Corinne Marie and Joe Horton in The Henegar’s production of TARZAN The Musical. Photo by Niko Stamos.
By PAM HARBAUGH
My heart is full. How could you watch “Tarzan” the stage musical at The Henegar and not get a little verklempt by the sheer love and determination of the cast, crew and director of this show?
Let’s face it, everybody involved with what feels like the near-death to the re-birth of The Henegar is on edge. From the new management to the familiar faces remaining, everyone…I mean everyone…is doing their best to help the Henegar flourish big time, the way so many have dreamed of; and for which so many dedicated former employees of the Henegar gave their blood, sweat and tears for a long time.
For sure, living in our current political and social climate, it’s become automatic to take sides. But Team Tarzan has not done that. Just like the powerful tribe depicted in the musical, the cast and crew have come together to support each other and remind the Space Coast that The Henegar has the right stuff.
“We all worked together as a group to focus on the show rather than the things around us, and support each other through it,” said ensemble member McKenna Russell.
Judging by the enthusiastic response from its opening night audience, Team Tarzan succeeded. Henegar Center audiences shot to their feet in a standing ovation and squealed with delight. Yes, that’s a common occurrence on opening night. But I tell you, when Joe Horton, who plays Tarzan, swung onto stage for his curtain call, it was truly thrilling.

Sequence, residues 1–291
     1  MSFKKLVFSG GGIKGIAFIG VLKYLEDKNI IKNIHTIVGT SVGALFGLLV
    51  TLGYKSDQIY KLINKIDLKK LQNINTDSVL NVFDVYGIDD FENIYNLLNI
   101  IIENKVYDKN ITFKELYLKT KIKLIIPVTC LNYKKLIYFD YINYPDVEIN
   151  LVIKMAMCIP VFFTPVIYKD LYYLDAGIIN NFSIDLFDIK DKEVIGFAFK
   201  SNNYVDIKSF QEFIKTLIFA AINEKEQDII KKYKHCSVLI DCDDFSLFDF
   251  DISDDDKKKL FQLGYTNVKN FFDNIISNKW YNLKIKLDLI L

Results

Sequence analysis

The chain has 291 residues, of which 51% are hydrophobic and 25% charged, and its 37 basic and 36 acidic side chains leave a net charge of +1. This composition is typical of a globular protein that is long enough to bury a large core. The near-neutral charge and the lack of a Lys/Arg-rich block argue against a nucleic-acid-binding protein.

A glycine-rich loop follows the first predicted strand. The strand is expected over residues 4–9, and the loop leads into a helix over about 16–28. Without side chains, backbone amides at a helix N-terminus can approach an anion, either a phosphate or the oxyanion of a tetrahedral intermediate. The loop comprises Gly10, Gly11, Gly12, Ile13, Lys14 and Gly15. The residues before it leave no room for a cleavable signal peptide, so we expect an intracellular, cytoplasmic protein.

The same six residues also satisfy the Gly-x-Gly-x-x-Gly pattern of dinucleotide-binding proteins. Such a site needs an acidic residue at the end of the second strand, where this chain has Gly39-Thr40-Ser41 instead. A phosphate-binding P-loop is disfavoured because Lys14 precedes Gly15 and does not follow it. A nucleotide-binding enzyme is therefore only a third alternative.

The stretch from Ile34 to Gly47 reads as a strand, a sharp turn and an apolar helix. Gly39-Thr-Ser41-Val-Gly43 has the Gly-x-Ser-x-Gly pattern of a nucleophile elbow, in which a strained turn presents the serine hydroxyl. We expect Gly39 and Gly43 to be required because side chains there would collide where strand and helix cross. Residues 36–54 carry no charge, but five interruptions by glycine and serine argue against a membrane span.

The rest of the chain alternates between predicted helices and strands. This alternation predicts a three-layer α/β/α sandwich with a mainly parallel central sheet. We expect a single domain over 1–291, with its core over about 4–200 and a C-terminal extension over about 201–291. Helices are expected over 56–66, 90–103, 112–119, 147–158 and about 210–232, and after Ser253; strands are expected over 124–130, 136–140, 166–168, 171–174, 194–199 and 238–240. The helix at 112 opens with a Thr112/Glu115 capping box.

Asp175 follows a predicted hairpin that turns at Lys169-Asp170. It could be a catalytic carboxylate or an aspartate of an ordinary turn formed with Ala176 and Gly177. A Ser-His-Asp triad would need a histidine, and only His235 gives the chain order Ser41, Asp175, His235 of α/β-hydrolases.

Then, as is tradition here, patrons gathered in the lobby to express their gratitude to the cast for a show well done.
“It was marvelous,” said Charlene Horton of West Melbourne. “I want to come again. It’s one of the best shows I’ve seen here.”
Bob Fontaine, also of West Melbourne, congratulated the producers for deciding on recorded music instead of more expensive live orchestra, a subject causing a stir of controversy.
“(The show) was as good as any I’ve seen here,” he said.
Hugh and Tonyia Gibbons of Merritt Island were all smiles, saying they went because they read about it in Brevard Culture and knew they couldn’t miss it.
Corinne Marie, who does such a splendid job in her role as Jane, said the audience felt like family and that they all – patrons, cast and crew – want nothing but the best for The Henegar.
“Oh absolutely,” she said. “All of our hearts are definitely in the right place for this production. We come together as a tribe. And with support coming from new management, it’s been a really fun, Disney roller coaster ride.”
That dizzying ride began a month ago when “Tarzan,” director Dominic Del Brocco was faced with a mighty challenge.
“We had to completely change the show from top to bottom,” he said. “We had to start from scratch with re-blocking and new choreography.”
There was no choice. In a new alliance with Titusville Playhouse, the Henegar board began to see just how dire its financial health really was.
The Henegar board’s budget for “Tarzan” was slashed from $42,000 to $29,000, with more than a third of that for royalties alone.
That forced a more streamlined, less expensive production concept. Scenery was borrowed from Manatee Players, costumes were rented, recorded music replaced a live orchestra and plans to fly actors over the stage were severely modified. Lighting designer Luke Atkison and sound designer Spencer Crosswell, both resident designers at Titusville Playhouse, volunteered their services for “Tarzan.”